Real Estate

Federal Constitutional Court overturns controversial Berlin rent cap

According to the Federal Constitutional Court, the Berlin rent cap is invalid. The law is void, it says in a decision. Tenants now have to be prepared for additional payments.

The Berlin rent cap is no longer valid with immediate effect. The Federal Constitutional Court declared the state law, which came into force in two stages in 2020, to be null and void. The federal legislature has finally regulated the rental price law, announced the highest German court in Karlsruhe on Thursday. There is therefore no room for the countries’ own laws. (Az. 2 BvF 1/20 etc.)

The Berlin Senate Department for Urban Development and Housing had assumed before the decision that tenants would have to pay the actual, higher rent again in this case. In the event that this applies retrospectively, she had already recommended tenants to put the money saved for the time being. Under certain circumstances, the difference has to be paid for the entire term of the contract.

The Berlin rent cap was unique in Germany. The law passed by the red-red-green coalition was initially limited to 2025. The red-red-green state government had frozen the rents for around 1.5 million apartments on February 23, 2020, retroactively to the status of June 2019. This affects nine out of ten rental apartments. From 2022, landlords should at least be able to offset inflation.

There was a risk of fines of up to 500,000 euros

In the event that tenants change, the Rent Cover Act stipulates that the old rent should remain or upper limits apply. Rents that are more than 20 percent above the upper limit for the apartment were considered too high. Since November 23, affected landlords have been legally obliged to lower them.

Violations could result in a fine of up to 500,000 euros. The rent cap did not apply to new apartments that were finished since 2014. The regulation was limited to five years, i.e. until 2025.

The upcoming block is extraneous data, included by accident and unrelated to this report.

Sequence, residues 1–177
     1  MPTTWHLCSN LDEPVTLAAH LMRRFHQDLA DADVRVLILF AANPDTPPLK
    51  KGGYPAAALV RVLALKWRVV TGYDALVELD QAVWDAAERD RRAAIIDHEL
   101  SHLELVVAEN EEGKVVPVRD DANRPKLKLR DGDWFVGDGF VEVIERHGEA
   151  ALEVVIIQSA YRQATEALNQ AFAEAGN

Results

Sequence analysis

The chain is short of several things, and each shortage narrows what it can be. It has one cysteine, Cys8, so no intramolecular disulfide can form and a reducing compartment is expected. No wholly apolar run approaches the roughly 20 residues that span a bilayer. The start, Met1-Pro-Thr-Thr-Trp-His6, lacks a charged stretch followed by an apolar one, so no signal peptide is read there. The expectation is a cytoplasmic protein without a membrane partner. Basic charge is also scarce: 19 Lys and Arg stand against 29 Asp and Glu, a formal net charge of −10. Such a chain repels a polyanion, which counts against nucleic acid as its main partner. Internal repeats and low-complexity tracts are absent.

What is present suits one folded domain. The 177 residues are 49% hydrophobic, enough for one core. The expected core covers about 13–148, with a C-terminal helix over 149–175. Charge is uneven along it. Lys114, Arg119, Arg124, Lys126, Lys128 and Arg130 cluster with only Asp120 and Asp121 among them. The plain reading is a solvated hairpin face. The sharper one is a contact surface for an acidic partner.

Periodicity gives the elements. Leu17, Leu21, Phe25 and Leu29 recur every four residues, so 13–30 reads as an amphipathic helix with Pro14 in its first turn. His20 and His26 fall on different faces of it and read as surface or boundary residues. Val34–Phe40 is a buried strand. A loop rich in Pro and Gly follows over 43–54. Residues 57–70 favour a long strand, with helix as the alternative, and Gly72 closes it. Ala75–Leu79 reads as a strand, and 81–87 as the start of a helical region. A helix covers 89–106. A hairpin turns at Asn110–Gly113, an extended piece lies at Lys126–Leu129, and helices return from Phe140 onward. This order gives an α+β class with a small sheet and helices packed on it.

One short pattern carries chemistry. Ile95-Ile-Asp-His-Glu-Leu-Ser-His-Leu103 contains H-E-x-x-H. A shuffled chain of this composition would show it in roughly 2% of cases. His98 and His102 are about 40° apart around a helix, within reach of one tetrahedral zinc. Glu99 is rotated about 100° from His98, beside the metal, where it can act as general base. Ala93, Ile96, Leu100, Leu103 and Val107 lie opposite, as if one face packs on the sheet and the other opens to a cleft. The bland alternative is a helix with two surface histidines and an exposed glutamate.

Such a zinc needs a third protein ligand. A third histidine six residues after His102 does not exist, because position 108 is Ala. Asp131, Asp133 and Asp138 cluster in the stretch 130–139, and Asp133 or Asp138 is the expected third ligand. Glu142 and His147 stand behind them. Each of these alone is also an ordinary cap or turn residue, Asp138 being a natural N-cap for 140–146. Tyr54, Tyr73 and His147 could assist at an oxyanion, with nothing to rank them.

The review by the Federal Constitutional Court was initiated by more than 280 members of the Bundestag from the FDP and the Union with a joint regulatory review application. The Berlin regional court and a district court, which landlords had sued, also considered the regulations to be unconstitutional and switched Karlsruhe on.

Vonovia wants to forego any additional payment requests

Tens of thousands of Berliners must now expect that they will have to make additional payments to their landlord. The tenants at the Vonovia real estate group will not be affected by this.

After the decision in Karlsruhe, the company announced on Thursday that the tenants should “not suffer any financial disadvantages as a result of the political decisions taken”. Vonovia is thus foregoing additional rent claims amounting to around ten million euros.

Defeat for the Berlin Senate

Berlin’s Senator for Construction Sebastian Scheel (Linke) said on Thursday after the constitutional court’s decision that he had expected a different decision by the court. “Since the federal reform of 2006, the competence for housing has been the sole responsibility of the federal states,” explained Scheel. “Social peace is in danger due to rising rents and the associated displacement. It is the central task of politics not to stand idly by.”

Now it is the task of the federal government either to create an effective rental price law that ensures the social mix in the cities, or to transfer the competence to the states.

“In the Senate we will discuss the consequences of the judgment on Tuesday,” Scheel continued. “The Senate also sees it as its duty to develop socially acceptable solutions for tenants.”

Berlin opposition criticizes the Senate

The Berlin opposition parties were happy about the decision from Karlsruhe and immediately shot at the Berlin Senate. “This is not the first time that the left-wing coalition has a questionable understanding of the law – this time the effects of the amateurish behavior are particularly damaging for the people in our city,” said the FDP parliamentary group leader in the Berlin House of Representatives, Sebastian Czaja.

The Berlin CDU chairman Kai Wegner also described the decision from Karlsruhe as a “sensitive defeat for the Senate”. The Berlin government had deceived tenants with a “false rent cap promise,” he said. At the same time, he called for a fund for cases of social hardship and the implementation of existing federal tenant protection measures such as the rent brake.


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